Saturday, December 29, 2012

City of Books

One of my favourite book haunts is Bras Basah Complex, on Victoria Street, near the National Library building in Singapore. Full of second-hand bookstores, I still go there whenever I'm back home. One of its Chinese names, in fact, is 书城(City of Books). I've spent many an afternoon there, inhaling the uniquely fusty scent that only old books have, searching and finding all manner of treasures. That last thing I bought there was a copy of the Cambridge edition of the Critique of Pure Reason, in almost perfect condition. For $5 (£2.50)! The most visible shop, Evernew Bookstore, still has a ludicrous three books for $5 (£2.50) offer. That whole stretch, of course, from Raffles City to Bugis, is one very close to home, and has a special place in my heart: I recall many days spent in the National Library, researching for my IB extended essay and then retiring for the day to the Hans downstairs for a cup of coffee with friends and teachers.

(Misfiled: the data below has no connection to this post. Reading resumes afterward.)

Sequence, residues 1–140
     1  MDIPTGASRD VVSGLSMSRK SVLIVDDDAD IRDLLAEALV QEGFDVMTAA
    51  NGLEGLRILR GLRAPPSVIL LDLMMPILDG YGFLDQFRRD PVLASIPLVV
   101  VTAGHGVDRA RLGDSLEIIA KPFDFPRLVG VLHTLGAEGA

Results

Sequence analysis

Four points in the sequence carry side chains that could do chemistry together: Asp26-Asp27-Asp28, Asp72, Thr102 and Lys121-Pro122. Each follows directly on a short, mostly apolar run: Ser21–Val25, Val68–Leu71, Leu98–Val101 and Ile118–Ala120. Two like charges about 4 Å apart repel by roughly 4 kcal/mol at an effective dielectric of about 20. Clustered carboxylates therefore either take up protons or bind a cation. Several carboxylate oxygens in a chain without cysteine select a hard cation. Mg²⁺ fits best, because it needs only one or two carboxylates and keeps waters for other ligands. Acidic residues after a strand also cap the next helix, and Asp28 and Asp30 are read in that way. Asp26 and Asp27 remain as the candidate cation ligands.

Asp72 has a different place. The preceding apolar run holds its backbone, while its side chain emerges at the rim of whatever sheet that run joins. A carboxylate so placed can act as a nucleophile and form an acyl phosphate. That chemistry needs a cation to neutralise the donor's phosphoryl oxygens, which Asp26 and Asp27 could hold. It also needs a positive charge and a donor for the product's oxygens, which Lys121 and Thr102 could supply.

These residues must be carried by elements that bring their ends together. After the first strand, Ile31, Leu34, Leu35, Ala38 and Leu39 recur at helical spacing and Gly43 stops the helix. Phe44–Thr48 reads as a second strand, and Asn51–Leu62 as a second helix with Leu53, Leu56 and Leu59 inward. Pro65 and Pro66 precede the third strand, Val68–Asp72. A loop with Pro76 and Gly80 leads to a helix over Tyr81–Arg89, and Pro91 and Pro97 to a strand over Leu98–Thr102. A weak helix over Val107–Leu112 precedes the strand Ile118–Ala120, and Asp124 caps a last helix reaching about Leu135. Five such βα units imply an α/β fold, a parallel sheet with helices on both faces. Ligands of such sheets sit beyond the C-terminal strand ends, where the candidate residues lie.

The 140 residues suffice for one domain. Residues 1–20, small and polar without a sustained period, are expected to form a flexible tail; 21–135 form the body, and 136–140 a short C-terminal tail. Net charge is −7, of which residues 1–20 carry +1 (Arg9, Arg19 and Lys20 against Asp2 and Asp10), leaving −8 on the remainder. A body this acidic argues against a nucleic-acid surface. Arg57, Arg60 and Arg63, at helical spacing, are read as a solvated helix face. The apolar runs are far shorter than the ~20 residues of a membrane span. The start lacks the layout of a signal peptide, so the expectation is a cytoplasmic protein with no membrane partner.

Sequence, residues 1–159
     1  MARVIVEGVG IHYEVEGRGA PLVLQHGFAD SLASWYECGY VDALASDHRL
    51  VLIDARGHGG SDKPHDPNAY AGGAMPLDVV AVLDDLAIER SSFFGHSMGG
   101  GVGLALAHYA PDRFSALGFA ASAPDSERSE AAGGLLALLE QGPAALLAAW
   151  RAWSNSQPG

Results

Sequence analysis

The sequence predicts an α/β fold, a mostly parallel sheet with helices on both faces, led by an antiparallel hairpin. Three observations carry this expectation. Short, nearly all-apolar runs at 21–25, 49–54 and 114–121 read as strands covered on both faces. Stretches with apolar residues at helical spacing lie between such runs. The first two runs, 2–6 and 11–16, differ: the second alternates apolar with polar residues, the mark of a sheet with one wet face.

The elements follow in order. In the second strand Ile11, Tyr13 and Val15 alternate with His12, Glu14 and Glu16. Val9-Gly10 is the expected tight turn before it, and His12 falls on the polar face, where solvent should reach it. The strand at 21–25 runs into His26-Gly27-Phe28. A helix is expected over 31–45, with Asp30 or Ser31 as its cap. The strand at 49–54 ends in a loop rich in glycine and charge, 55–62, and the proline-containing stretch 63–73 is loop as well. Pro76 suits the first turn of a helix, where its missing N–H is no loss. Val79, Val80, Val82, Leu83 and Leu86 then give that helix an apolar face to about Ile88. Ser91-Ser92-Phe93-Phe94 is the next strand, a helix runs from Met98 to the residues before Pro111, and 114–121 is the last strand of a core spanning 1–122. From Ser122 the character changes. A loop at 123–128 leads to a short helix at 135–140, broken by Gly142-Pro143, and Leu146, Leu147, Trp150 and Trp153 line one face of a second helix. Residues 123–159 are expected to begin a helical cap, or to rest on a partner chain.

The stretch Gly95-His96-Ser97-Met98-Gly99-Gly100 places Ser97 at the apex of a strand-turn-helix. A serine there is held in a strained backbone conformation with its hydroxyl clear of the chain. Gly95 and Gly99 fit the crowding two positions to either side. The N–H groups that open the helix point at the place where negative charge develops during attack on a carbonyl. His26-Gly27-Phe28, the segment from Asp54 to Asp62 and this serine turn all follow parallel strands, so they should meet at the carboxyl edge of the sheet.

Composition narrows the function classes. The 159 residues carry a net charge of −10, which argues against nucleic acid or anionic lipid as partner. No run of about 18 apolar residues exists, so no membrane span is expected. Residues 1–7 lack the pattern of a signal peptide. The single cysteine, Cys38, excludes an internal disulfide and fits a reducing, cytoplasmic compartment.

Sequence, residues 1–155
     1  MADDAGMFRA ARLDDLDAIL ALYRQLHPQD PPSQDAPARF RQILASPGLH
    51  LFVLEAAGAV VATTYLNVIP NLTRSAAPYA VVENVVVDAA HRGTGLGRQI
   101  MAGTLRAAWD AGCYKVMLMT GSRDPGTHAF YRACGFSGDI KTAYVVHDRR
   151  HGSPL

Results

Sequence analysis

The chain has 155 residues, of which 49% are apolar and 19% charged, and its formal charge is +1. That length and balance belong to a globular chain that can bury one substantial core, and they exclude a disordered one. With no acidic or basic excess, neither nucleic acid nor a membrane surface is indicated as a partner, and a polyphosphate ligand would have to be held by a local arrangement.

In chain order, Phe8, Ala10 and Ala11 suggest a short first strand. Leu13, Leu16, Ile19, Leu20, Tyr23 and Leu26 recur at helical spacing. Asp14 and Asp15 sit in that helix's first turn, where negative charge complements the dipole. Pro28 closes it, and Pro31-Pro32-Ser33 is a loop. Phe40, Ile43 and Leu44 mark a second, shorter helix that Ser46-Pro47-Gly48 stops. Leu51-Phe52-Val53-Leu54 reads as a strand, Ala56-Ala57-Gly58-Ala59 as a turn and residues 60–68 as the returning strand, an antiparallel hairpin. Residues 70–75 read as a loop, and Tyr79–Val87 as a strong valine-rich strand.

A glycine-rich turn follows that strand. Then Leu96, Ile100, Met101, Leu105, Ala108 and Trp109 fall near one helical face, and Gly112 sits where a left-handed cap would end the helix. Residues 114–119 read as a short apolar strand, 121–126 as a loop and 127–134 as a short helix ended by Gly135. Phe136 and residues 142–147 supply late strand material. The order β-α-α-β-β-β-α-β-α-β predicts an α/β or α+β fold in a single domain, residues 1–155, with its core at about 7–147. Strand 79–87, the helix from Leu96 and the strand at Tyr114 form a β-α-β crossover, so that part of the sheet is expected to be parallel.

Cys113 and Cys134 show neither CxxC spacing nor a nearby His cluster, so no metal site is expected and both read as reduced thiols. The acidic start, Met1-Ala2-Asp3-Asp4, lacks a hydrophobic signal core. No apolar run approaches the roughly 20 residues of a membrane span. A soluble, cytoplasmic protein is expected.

What I didn't know was that the Complex merely brought together bookstores that had been operating on Bras Basah Road long before. Bras Basah Road was, in the postwar days, a hive of intellectual activity. (It is still a road with many historic landmarks today.) It played a crucial role in those heady days of anti-colonial fervour. Tan Kok Chiang, one of the first graduates of Nanyang University, recalls that bookstores such as Shanghai Book Store and Youth Book Store (still in Bras Basah today) were hangouts of the Chinese-educated student activists of those days. Tan claimed that while the English-educated students would go to Bras Basah to buy textbooks, more progressive (and radical) literature could be found there as well. That bit of history helps the present-day visitor to Bras Basah understand a strange sight: bookshops selling Mao's Red Book also sell used A-level textbooks. It wasn't just the Chinese-educated though. S Rajaratnam, one of the Singapore's Old Guard politicians and our first Foreign minister, used to haunt the Bras Basah bookstores as well. (I'm still hoping to find a book owned by someone famous.)